Kevin Qualls Family Law
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Current and future tax consequences of alimony

As it stands right now, an Orange County, California, resident who pays alimony is able to take those payments as a tax deduction, while the spouse who receives the alimony, and who usually makes less money, will have to include those payments as income.

Currently, there are certain restrictions on this rule. For example, a former couple cannot file a joint return if one party wants to deduct alimony, nor can they be living together under the same roof. Moreover, if a person's legal separation agreement or divorce decree says that the payments are for some purpose other than alimony, then they will not be tax deductible. It also has to be clear that the payments are not child support payments, as child support is not tax deductible.

Finally, the payments have to be "cash" payments, meaning for tax purposes, alimony cannot include things like periodic transfers of stock or some other benefit that cannot go directly in to the recipient's checking account. The payments have to be what alimony is designed to be, that is, a regular stream of income that ends no later than upon the death of the person receiving it.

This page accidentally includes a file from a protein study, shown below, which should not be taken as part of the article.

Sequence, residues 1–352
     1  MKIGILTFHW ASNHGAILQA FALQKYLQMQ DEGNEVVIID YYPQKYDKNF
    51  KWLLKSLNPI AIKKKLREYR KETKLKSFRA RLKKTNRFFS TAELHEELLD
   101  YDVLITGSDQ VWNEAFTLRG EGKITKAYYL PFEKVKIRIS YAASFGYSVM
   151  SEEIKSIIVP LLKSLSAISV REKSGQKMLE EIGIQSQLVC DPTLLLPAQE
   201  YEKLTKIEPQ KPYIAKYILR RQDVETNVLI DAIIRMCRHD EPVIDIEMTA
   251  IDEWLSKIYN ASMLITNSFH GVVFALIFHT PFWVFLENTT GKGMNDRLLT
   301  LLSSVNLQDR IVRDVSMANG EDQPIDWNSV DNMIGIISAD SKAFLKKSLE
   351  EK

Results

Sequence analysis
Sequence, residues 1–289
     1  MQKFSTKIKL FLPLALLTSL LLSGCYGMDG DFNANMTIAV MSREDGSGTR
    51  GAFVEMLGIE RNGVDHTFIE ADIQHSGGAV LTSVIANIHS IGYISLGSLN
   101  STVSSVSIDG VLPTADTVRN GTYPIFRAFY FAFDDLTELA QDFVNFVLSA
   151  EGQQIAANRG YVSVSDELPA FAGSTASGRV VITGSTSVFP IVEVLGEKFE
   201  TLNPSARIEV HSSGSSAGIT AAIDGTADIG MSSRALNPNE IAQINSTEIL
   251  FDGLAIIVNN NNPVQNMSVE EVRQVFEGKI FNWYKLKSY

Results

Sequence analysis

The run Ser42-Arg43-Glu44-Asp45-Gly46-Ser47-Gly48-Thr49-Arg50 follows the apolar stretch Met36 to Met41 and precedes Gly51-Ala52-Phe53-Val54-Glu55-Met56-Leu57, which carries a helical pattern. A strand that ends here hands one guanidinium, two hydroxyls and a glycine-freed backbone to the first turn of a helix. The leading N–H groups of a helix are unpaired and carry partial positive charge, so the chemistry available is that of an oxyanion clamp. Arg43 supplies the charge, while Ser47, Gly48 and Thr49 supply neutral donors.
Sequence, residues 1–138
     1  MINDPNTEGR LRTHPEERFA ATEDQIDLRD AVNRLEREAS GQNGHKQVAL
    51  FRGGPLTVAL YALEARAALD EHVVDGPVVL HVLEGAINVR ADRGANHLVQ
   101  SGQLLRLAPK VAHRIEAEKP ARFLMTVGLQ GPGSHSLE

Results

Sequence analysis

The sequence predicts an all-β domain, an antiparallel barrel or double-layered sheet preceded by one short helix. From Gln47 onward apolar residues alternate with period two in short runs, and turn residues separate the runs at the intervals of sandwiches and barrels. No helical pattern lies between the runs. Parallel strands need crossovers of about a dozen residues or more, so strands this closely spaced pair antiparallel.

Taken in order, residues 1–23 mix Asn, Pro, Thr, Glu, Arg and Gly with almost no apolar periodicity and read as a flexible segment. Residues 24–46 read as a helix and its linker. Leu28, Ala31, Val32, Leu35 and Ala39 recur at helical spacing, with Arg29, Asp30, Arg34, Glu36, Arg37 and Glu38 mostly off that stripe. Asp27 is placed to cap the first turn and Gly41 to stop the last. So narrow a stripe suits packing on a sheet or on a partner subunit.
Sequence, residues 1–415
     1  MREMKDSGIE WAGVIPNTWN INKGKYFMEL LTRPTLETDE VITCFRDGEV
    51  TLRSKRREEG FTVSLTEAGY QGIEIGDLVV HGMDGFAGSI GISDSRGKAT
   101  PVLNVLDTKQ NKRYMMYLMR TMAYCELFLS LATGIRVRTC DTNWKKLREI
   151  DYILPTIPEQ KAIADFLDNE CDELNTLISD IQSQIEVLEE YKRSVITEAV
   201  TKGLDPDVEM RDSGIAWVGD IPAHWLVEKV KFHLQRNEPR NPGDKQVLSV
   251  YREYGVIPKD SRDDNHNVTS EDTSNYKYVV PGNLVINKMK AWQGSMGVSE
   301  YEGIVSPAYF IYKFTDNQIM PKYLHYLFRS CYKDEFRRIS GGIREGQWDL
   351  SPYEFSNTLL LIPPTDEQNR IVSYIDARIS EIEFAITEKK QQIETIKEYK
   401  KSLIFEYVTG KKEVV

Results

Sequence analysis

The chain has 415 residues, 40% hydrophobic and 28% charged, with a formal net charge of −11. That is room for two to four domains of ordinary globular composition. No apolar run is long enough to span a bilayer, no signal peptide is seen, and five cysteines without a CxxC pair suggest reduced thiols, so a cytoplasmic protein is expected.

Perhaps most importantly, under the recently enacted tax reform legislation, all alimony orders entered after 2018 will carry with them no tax deduction whatsoever. Instead, the person receiving the alimony will not have to report it on his or her taxes as income. Effectively, the measure charts out a complete change of course when it comes to alimony.

For now, at least, alimony is tax deductible, although there are certain restrictions one needs to be aware of before attempting to claim that deduction.

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Kevin Qualls Family Law
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